The Global Bio Fund’s mission is to invest in and help scale women-led bio ventures. Part of the challenge is getting mission-aligned limited partners and investors on board. Mandal-Johnson feels that traditional limited partners don’t like terms like “impact” and “value capital”. The words feel too philanthropic. With this in mind, Mandal-Johnson shows investors how investing in women-led ventures will help them financially and environmentally. And if this approach doesn’t work, there are – and will be – other, more suitable venture capitalists, LPs and entrepreneurs.
The GBF is focused on the United Nations’ fifth Sustainable Development Goal (SDG), gender equality. Initiatives like GenderSmart and the 2x Collaborative have established gender lens metrics that GBF can use to grade gender equality within a company.
But the GBF looks at company success as well. Mandal-Johnson says, “When we do a measurement of success for a given company, we’re looking at their market traction and the development of the technology. We are looking at measuring gender principles at a quarterly level with them as well.”
The more gender equality there is within a company, the more likely it is that the company will be successful. Research shows that inclusive teams tend to make better business decisions. Less diverse teams are more likely to make poorer choices for their companies. McKinsey & Company analyzed more than 1,000 companies worldwide and proved that organizations with more diverse executive teams are more profitable and offer greater longer-term value.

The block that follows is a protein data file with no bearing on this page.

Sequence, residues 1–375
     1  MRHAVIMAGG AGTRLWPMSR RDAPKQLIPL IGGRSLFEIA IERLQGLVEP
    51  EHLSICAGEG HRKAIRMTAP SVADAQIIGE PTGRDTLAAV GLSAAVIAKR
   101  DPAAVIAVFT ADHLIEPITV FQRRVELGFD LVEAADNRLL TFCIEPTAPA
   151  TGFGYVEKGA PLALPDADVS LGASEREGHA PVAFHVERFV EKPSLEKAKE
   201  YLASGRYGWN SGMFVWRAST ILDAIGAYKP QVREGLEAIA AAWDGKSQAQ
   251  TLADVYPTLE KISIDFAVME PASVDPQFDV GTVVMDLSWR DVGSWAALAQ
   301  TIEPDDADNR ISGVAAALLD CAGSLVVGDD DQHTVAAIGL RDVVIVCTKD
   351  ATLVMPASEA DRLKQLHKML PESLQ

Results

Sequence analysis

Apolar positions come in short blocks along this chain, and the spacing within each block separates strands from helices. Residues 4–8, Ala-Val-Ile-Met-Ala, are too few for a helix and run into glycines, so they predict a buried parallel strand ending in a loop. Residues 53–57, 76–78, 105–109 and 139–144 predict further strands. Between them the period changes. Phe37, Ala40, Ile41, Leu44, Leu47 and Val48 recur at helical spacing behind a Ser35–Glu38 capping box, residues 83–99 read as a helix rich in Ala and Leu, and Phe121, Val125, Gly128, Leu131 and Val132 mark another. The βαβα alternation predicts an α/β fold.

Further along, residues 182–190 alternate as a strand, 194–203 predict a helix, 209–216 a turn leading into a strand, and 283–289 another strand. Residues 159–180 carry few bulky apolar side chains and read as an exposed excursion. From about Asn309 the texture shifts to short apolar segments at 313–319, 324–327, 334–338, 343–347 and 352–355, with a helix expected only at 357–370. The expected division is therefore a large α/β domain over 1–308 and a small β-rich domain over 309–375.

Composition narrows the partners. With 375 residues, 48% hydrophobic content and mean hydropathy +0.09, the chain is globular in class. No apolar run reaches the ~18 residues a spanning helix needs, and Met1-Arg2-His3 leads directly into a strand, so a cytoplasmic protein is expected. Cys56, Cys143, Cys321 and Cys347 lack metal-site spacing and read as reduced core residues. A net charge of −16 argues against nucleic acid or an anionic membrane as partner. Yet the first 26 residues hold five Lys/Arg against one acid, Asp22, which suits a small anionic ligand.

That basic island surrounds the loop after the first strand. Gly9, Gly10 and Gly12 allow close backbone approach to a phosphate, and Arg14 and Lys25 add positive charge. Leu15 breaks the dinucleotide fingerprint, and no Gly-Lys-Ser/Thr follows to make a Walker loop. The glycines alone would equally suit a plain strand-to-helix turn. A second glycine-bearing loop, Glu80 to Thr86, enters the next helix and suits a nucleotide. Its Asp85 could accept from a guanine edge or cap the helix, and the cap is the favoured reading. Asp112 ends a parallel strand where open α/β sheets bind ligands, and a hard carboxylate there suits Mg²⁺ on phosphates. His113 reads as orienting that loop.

Tips from a female CEO and an investor
Mandal-Johnson has strong opinions on how female CEOs should pick their investors. She wants women to be true to themselves and their company. She doesn’t believe in “fake it ‘til you make it” or in painting a perfect picture. Mandal-Johnson does believe that there will be someone who is the right fit for your business and your values. Coachability is important, but you can’t lose the purpose of your venture. You shouldn’t have to change your point of view to fit theirs.
As you look for investors, you need to ask yourself questions like: Do they have a big enough network? Are they bringing in enough capital? Can they create strong relationships? Are our investors doing all they can to make us as successful as possible?
And Mandal-Johnson believes in the concept of impact investing – investments that result in a positive outcome, both socially and environmentally. She wants to invest in things that have a beneficial result for the entire world.
Interested in learning more about Dr. Ipshita Mandal-Johnson and the Global Bio Fund? Watch the full video interview.
Ramani Varanasi is the Biopharma/Life Sciences expert for Lioness Magazine. She serves as an adviser to entrepreneurs and biopharma executives and is a co-founder, and the former president and CEO of X-Biotix Therapeutics, a company focused on the discovery and development of novel antibiotics to combat the ever-increasing global issue of multi-drug resistance caused by “Superbugs”. She is an accomplished business executive, with over 25 years of biopharmaceutical industry experience. Being attracted to mission-driven initiatives, Varanasi has operated with an entrepreneurial vision and passion for launching, building and being part of successful organizations by integrating research and business strategies focused on innovative medicines and solutions having a global impact.
This is part of a series of interviews from Ramani Varanasi, focusing on the VIPs in the Life Sciences and Biopharma world. Meet Liz Gazda, Laurie Halloran, Dr. Liang Schweizer, Sue Nemetz, Marian Nakada and Margaret “Missy” Fulton. Learn more about Varanasi from her interview with Bobbie Carlton, Lioness’ publisher and Editor-in-Chief.